The very first meeting of the Board of Supervisors was held on the last Tuesday of May at Mead’s Tavern in Stillwater. Being that only three of the four supervisors were present, they decided to adjourn the meeting until the next morning. The next day the board met at 10am, but upon noting that Beriah Palmer was still absent, they adjourned again. Finally on June 2, two days late, Beriah Palmer of Ballstown arrived in Stillwater to attend the meeting. It was decided that Palmer, despite his lack of punctuality, would be moderator of the board. The next order of business was appointing a clerk, Cornelius Vandenbergh, and a treasurer, Guest Van Schoonhoven, to the board. After these appointments were made, the rest of the business consisted of paying accounts and levying taxes. The record shows the county was paying for services such as taking the census, working at elections, laying out roads, making tax lists, killing wolves (by offering a bounty for wolves, the county hoped to get the wolf population under control), overseeing the poor, attending trials, surveyors work and constables. After the accounts were settled, the board agreed that they would adjourn and plan to meet again on the first Tuesday in September back at Mead’s Tavern in Stillwater.
Over the course of 220 years, many things have changed in county government. The Saratoga County Board of Supervisors meets once a month rather than only twice a year. The board consists of 23 supervisors, a far cry from the 4 present at the first meeting. The board meets in a modern legislative chamber within a structure built expressly for the purpose of governing the county, a vastly different atmosphere from Mead’s Tavern. Meetings take place in the county seat of Ballston Spa, not Stillwater. While at times it may seem that modern board meetings are a bit lengthy, they certainly do not compare to the three-day long meeting experienced in 1791.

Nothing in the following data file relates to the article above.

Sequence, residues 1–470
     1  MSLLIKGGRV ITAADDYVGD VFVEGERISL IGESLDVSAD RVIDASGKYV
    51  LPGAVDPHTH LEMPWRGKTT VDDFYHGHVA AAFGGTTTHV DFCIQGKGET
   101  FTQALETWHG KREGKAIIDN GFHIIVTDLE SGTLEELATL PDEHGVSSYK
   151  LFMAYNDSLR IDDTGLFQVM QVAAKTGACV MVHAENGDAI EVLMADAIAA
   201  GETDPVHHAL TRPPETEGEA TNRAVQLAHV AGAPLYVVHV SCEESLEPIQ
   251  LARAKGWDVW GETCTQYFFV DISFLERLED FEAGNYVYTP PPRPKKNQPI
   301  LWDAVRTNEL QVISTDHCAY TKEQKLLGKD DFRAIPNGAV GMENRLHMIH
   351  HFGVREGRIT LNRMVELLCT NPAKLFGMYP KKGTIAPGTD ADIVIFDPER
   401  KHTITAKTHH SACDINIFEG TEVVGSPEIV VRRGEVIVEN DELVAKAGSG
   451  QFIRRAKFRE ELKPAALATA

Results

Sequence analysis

In the year 1991, on the county’s 200th birthday, the Saratoga County Bicentennial Commission planned events throughout the year to commemorate the anniversary. Some people may remember the event at Canfield Casino where supervisors reenacted the first board meeting and an 18th century fashion show was held. There was an essay contest for local students, a bicentennial calendar, a Heritage Day held at SPAC, a parade, and finally, the Bicentennial Gala Ball held at the Saratoga Springs City Center. These events brought pride to the citizens of Saratoga County and highlighted how far we had come in the last 200 years. Now, 20 years later, the county is still making progress in its reputation as a wonderful place to live, work and vacation. Happy Birthday to you Saratoga County, and may the next 220 years be as memorable as the first!
Please Note: Click on the links below to see the actual minutes of the first Saratoga County Board of Supervisors meeting. They are viewable in both typescript and original handwritten form.